From the perspective of maintaining the dollar's dominance, approving CBDC could allow the government to more actively intervene in finance and increase accessibility to the dollar, thus strengthening its dominance. However, there are concerns about security, as a single hacking incident could cause damage at national level. Moreover, there are concerns that CBDC approval could compromise the cherished American value of privacy protection, leading to never-ending political debates. As the debate for legalizing cryptocurrency remains a hot potato, it won’t be easy for the U.S. to decide its stance just yet. The internal turmoil regarding CBDC are even more complex in China, which has been pursuing CBDC since 2014 and conducted the world's first digital yuan tests in selected cities. China has repeatedly relaxed and tightened cryptocurrency regulations, recently imposing a blanket ban on cryptocurrencies. It is believed that the blockade of the private cryptocurrency market is aimed at commercializing CBDC. The Chinese government is likely to be aiming to deepen its intervention in the financial economy and challenge the dominance of the dollar through CBDC. However, there may also be side effects, such as the potential contraction of the private financial market, which is why China has also been cautious about accelerating CBDC implementation.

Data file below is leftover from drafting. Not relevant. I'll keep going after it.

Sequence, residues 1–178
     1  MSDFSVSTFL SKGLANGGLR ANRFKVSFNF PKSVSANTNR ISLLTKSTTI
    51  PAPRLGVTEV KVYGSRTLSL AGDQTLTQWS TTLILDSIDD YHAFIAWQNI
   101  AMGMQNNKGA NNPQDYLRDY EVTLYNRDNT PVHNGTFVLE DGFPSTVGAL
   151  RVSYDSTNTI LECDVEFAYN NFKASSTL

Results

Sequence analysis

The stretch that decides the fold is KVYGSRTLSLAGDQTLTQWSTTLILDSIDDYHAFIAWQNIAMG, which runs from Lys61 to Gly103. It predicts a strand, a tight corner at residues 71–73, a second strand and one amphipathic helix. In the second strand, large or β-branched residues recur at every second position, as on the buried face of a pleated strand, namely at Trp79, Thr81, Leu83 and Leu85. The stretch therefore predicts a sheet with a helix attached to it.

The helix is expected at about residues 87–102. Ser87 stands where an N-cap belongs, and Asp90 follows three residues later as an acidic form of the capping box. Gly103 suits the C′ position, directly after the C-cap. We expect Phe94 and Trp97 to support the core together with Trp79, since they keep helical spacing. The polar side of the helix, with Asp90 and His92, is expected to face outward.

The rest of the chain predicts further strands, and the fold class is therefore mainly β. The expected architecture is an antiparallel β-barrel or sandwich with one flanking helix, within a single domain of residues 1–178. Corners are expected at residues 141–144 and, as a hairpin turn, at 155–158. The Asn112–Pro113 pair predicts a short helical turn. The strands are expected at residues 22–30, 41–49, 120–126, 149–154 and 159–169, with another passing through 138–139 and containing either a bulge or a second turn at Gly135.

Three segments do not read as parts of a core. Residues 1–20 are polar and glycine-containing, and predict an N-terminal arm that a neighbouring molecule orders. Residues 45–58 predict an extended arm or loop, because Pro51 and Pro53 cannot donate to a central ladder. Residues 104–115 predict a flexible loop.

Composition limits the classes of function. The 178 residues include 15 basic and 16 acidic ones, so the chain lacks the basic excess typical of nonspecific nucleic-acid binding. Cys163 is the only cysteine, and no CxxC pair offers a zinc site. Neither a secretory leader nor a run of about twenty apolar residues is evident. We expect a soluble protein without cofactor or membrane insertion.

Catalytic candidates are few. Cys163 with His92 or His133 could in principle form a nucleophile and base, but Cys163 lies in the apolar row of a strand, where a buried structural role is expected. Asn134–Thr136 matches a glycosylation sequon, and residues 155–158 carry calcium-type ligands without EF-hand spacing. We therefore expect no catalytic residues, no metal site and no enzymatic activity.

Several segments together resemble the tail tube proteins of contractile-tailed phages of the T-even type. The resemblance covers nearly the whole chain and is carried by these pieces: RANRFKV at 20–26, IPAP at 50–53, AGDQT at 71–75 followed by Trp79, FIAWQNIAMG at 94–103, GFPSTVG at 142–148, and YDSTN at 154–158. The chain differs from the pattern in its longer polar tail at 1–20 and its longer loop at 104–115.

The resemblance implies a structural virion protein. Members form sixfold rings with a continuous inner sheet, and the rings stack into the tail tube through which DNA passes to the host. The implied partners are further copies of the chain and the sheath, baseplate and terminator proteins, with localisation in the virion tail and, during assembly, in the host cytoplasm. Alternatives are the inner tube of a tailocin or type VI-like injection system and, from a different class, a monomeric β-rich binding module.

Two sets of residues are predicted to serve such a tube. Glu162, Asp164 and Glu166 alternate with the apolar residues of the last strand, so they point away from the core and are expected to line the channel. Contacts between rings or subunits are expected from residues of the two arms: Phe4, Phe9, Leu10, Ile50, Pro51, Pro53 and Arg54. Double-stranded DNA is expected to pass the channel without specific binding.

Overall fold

Stablecoins have become a stable fixture in the crypto industry. It is now unimaginable to think of the blockchain market without stablecoins, though risks and trust issues regarding issuers persist. Despite experiencing setbacks, such as the downfall of algorithmic stablecoins like UST, competition among stablecoins has intensified with new builders also jumping into the guaranteed market of stablecoins.